My prior post explored the ninth wonder of the world: reversion to the mean. Today, we continue the discussion on this phenomenon.
Forecasting stock returns is a more difficult task than forecasting bond returns. While the relationship only holds at long horizons, what we do know is that valuation metrics such as P/E ratios have had an inverse and mean-reverting relationship with future stock market returns. However, even over 10-year periods, P/E ratios explain only about 40 percent of the time variation in net-of-inflation returns. This is true whether or not trailing earnings are smoothed or cyclically adjusted (as is done in Robert Shiller's popular CAPE 10 ratio). With that said, you can see the relationship, and the tendency for returns and valuations to mean revert.
In a November 2012 paper, "An Old Friend: The Stock Market's Shiller P/E," Cliff Asness of AQR Capital found that 10-year forward average real returns fall nearly monotonically as starting CAPE 10 P/Es increase. He also found that as the starting Shiller CAPE 10 increased, worst cases get worse and best cases get weaker. And he found that while the metric provided valuable insights, there were still very wide dispersions of returns. For example:
- When the PE 10 was below 9.6, 10-year forward real returns averaged 10.3 percent. In relative terms, that is more than 50 percent above the historical average of 6.8 percent (9.8 percent nominal return less 3.0 percent inflation). The best 10-year real return was 17.5 percent. The worst was still a pretty good 4.8 percent real return, just 2.0 percent below the average, and 29 percent below it in relative terms. The dispersion between the best and worst outcomes was a 12.7 percent difference in real returns.
- When the PE 10 was between 15.7 and 17.3 (about its average of 16.5), the 10-year forward real return averaged 5.6 percent. The best and worst 10-year forward returns were 15.1 percent and 2.3 percent, respectively. The dispersion between the best and worst outcomes was a 12.8 percent difference in real returns.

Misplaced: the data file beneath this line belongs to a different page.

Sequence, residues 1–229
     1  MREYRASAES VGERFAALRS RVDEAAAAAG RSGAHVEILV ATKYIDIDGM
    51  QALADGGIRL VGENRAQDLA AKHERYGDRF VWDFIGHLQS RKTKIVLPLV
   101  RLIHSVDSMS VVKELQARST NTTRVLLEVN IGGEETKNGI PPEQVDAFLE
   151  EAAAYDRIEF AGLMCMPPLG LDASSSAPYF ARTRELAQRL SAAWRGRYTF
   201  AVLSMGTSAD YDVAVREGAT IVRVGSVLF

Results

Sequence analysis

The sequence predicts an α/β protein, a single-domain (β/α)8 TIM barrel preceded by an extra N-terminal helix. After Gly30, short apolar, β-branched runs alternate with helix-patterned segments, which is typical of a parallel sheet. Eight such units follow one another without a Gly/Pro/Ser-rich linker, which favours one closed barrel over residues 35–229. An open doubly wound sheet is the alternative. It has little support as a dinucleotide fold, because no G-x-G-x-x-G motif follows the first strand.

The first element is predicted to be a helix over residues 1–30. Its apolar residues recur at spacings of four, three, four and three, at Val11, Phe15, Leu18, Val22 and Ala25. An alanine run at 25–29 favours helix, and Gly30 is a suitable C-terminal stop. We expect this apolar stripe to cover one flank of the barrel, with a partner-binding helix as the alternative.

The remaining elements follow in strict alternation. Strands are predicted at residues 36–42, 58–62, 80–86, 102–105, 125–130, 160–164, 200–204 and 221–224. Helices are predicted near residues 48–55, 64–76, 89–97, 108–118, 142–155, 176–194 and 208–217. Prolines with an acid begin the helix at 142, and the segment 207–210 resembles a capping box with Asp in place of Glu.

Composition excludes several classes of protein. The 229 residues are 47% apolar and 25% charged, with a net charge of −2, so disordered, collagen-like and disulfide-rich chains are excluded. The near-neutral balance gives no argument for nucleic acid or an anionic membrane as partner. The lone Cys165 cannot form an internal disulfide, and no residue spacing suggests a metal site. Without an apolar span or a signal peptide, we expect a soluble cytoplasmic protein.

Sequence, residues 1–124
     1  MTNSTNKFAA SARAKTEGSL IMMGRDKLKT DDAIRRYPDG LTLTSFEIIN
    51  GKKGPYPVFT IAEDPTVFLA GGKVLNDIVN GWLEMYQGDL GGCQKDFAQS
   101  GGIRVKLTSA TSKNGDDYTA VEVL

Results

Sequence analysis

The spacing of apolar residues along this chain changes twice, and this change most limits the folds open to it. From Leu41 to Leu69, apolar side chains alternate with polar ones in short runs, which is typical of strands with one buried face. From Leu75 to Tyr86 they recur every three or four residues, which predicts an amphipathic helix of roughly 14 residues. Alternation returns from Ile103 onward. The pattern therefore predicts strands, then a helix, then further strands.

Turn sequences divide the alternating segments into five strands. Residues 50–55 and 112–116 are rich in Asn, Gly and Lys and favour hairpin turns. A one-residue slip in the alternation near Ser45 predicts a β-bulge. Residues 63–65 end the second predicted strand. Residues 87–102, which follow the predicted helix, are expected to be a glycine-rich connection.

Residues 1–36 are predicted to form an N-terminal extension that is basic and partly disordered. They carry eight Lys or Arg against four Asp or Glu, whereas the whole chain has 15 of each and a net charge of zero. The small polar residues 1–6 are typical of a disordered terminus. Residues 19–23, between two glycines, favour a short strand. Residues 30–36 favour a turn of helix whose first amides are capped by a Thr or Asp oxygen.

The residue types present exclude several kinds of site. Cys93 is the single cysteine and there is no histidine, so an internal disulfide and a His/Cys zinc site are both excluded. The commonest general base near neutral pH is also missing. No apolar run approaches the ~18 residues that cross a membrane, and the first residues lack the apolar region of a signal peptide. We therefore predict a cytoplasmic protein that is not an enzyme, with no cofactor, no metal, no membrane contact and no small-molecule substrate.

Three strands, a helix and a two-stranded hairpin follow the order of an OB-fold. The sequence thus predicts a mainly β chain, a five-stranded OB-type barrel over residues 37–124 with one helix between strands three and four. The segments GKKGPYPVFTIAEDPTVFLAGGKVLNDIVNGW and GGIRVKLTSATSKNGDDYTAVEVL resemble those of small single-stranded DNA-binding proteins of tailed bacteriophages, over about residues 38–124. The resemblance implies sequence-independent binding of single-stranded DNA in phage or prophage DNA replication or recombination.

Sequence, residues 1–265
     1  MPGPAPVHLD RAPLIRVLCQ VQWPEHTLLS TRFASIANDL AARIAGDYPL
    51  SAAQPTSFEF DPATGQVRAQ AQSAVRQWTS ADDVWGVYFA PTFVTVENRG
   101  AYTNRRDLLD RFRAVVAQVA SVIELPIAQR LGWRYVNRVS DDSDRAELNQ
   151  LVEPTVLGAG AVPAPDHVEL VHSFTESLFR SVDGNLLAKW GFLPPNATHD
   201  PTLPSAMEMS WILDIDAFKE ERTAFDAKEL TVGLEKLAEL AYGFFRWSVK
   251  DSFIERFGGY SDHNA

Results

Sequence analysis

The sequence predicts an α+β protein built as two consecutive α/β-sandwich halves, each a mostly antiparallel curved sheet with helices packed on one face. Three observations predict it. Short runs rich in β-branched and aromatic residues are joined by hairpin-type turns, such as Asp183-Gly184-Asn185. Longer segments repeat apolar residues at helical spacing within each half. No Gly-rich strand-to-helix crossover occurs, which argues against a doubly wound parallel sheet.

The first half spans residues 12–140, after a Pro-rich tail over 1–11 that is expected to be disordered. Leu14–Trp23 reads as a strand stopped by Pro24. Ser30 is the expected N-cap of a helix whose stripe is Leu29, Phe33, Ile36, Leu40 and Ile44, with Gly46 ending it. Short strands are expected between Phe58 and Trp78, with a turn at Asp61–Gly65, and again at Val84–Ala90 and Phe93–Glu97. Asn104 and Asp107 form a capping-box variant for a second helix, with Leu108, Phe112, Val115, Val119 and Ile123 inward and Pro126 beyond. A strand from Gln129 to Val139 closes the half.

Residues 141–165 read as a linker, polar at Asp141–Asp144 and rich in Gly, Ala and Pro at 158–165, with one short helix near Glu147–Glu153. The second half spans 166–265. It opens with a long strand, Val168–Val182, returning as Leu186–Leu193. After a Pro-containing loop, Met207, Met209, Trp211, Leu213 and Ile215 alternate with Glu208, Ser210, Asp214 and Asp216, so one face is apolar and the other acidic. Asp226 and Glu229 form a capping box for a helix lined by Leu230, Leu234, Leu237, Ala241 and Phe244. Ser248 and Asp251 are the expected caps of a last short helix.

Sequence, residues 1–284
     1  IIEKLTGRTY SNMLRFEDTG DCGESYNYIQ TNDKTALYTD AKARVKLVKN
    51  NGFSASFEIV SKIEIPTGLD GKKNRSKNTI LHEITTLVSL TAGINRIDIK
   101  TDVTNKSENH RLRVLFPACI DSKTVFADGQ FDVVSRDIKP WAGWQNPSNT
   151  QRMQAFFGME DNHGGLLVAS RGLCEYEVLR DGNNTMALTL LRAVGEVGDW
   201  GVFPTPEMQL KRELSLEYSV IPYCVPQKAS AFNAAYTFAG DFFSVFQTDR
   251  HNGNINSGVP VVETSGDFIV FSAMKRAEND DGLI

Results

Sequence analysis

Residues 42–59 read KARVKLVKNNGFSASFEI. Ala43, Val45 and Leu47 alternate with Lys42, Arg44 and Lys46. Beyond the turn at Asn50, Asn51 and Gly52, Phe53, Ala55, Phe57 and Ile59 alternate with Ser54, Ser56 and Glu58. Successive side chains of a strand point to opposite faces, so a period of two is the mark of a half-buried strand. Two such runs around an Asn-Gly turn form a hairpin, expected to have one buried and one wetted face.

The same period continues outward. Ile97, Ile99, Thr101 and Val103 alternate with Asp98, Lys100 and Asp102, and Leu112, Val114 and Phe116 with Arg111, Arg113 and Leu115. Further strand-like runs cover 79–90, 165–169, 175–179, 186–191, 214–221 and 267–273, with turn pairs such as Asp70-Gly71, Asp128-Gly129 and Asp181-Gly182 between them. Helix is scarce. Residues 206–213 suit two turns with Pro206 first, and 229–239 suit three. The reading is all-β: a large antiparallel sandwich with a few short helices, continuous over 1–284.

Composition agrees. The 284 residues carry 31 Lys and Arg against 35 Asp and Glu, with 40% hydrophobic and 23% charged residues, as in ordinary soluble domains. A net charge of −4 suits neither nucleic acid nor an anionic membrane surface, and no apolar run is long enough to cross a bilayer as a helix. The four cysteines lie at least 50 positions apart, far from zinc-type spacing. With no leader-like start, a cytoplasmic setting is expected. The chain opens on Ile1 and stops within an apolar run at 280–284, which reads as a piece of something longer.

- When the PE 10 was between 21.1 and 25.1, the 10-year forward real return averaged just 0.9 percent. The best 10-year forward real return was still 8.3 percent, above the historical average of 6.8. However, the worst 10-year forward real return was now -4.4 percent. The dispersion between the best and worst outcomes was a difference of 12.7 percent in real terms.
- When the PE 10 was above 25.1, the real return over the following 10 years averaged just 0.5 percent - virtually the same as the long-term real return on the risk-free benchmark, one-month Treasury bills. The best 10-year real return was 6.3 percent, just 0.5 percent below the historical average. But, the worst 10-year real return was now -6.1 percent. The dispersion between the best and worst outcomes was a difference of 12.4 percent in real terms.
What can we learn from the above data? First, starting valuations clearly matter - and they matter a lot. Higher starting values mean that future expected returns are lower, and vice versa. However, there is still a wide dispersion of potential outcomes for which we must prepare when developing an investment plan.
What's the Mean to Which Returns and Valuations Revert?
I was recently at an investment conference at which the highly regarded Jeremy Grantham, chief investment strategist of Grantham, Mayo, Van Otterloo (GMO), a Boston-based asset management firm, was forecasting a bear market in stocks. Grantham cited the CAPE 10 ratio being about 50 percent above its 113-year mean of 16.5 and its median of 15.9. Grantham went on to note the market's strong tendency to RTM, saying it's only a question of when, not if. As of February 20, the CAPE 10 was 25.45. If it dropped immediately to its mean, the market would fall 35 percent. That's enough to scare off most investors - especially in light of the evidence Asness presented.
However, before you jump to any conclusions, consider the following. While the 113-year mean for the CAPE 10 is 16.5, its mean since 1960 is a much higher 19.6. This is important because there are logical reasons to believe that over time the risk premium investors demand from U.S. stocks should have fallen.
First, all else equal, the wealthier a nation, the lower the risk premium we should expect. Consider frontier markets, where capital is a very scarce resource. Economic theory tells us that the scarce resource earns the higher "economic rent." In addition, those countries typically have weaker regulatory environments in terms of investor protections. And it's often the case that foreign investors have even less protection than domestic ones. Thus, the cost of capital in such markets is very high - valuations are low and expected returns high. As those countries progress over time from frontier to emerging to developed, the cost of capital tends to fall as capital becomes less scarce and the regulatory environment is strengthened. Thus, it shouldn't be a surprise that the mean CAPE 10 has migrated higher over the past 50 plus years.